More Calls for BPA BanNov 18, 2008 | Parker Waichman LLP
An analysis published by the Milwaukee-Wisconsin Journal Sentinel this weekend revealed that plastic products labeled “microwave safe“ release “toxic doses” of the chemical bisphenol A (BPA). The paper also reported that all of the products it tested—10 in total—leached dangerous BPA levels, according to the paper’s online version, JSOnline.
JSOnline also reports that federal and state lawmakers are looking to ban BPA from food and beverage containers and noted that Representative Edward J. Markey (Democrat-Massachusetts) said he plans on reintroducing a bill in Congress this January to do just that. "This test of 'microwave safe' containers adds to the already vast and compelling body of knowledge indicating that BPA is dangerous and unsuitable for all food and beverage containers," Markey was quoted as saying in JSOnline.
The paper’s analysis included measuring what BPA amounts were released upon heating and calculating “how much BPA children of various ages and weights would consume if they were to eat from the products,” said JSOnline. The paper found those “studies in which scientists had looked at these levels of BPA exposure in live laboratory animals,” finding 17 such studies that confirmed “harm at these levels,” reported JSOnline. The harm sited included “genital defects, behavioral changes, and abnormal development of mammary glands,” said JSOnline, which noted that mammary gland changes matched those found “in women at higher risk for breast cancer.”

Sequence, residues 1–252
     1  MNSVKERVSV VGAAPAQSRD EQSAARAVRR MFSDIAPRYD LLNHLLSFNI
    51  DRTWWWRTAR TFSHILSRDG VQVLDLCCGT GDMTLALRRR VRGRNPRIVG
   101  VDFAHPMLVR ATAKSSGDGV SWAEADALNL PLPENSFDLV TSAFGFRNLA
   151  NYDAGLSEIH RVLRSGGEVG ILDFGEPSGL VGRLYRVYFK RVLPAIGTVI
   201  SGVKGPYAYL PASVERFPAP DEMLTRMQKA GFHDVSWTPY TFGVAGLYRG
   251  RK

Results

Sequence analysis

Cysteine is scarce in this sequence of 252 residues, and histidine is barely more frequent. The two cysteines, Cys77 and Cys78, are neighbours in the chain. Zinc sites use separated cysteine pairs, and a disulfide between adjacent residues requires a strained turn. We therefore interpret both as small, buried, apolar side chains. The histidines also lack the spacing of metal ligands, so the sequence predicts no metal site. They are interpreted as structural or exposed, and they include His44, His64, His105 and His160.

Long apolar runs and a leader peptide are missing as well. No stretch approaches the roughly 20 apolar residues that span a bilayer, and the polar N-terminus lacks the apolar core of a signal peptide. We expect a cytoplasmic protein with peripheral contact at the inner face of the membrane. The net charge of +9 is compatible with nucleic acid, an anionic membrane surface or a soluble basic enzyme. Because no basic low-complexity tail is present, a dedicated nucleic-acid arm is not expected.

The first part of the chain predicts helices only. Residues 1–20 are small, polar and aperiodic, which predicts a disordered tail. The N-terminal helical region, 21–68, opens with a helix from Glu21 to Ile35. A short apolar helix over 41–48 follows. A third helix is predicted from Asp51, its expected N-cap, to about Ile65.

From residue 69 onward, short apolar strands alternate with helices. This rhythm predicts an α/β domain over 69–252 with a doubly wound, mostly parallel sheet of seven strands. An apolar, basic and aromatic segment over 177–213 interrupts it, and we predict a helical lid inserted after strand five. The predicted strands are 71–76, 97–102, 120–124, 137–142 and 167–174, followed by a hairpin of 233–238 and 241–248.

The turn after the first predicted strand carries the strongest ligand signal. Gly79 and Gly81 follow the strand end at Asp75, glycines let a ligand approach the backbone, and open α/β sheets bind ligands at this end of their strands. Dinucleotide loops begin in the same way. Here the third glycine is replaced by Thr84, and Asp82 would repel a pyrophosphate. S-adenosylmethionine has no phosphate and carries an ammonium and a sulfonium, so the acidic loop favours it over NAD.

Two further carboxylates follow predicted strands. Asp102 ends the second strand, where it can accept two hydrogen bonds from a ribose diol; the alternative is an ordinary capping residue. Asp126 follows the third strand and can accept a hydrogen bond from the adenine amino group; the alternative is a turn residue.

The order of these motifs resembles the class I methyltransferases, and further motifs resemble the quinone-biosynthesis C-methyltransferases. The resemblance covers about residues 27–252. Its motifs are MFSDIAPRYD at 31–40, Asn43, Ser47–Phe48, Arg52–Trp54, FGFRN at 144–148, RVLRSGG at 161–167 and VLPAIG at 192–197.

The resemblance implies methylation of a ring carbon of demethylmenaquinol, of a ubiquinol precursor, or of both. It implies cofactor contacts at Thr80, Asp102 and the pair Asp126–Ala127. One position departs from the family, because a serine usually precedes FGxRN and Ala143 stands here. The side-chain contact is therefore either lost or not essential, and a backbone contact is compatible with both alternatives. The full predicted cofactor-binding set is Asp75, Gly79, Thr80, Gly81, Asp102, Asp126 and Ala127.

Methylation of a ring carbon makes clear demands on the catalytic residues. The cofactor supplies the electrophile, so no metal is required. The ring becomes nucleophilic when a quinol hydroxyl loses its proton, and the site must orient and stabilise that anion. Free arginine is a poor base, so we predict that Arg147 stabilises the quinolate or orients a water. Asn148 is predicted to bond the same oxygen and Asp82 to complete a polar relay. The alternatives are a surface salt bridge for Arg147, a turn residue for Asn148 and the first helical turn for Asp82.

Following release of the paper’s study, Senator Charles Schumer (Democrat-New York) announced that he plans on picking up his work to remove BPA from children’s products, saying to the paper that, "Parents always err on the side of caution when it comes to their kids' health. We think that the law should do the same." Congress is not alone, 13 states have proposed BPA bans said JSOnline, which noted its state of Wisconsin was not among the 13; however, that state’s senator—Julie Lassa (Democrat-Stevens Point)—announced she is “preparing legislation to ban BPA from children's products” there.
Lassa, who is chairman of the state Senate’s Committee on Economic Development and the mother of two children aged four years and 17 months, told JSOnline that her concern about BPA’s harmful effects was heightened last spring after hearing about the Canadian ban of BPA from baby bottles and children’s products. "It's scary stuff," JSOnline quoted Lassa who also said that "It's so convenient," to use pre-packaged foods, but is now “horrified,” adding that, "The more chemicals we use, the more we are finding out how they impact the human body."
BPA is a ubiquitous, estrogenic—estrogen-mimicking—chemical that is used in the lining of food cans, baby bottles, and an enormous array of consumer products. Although the U.S. Food and Drug Administration (FDA) long maintained that BPA was safe—based mostly on two industry-funded reports—fierce criticism and ongoing pressure from the scientific community and consumer advocates as well as an announcement that “after a subcommittee of an advisory board found that the agency had ignored valuable studies” (JSOnline), it is now reviewing and revisiting its findings.
BPA has been linked in numerous studies to heart disease, diabetes, obesity, various cancers, liver function testing problems, chemotherapy interruptions, hormonal imbalances, neurological and behavioral disturbances, reproductive failures, and breast cancer risk, to name just some.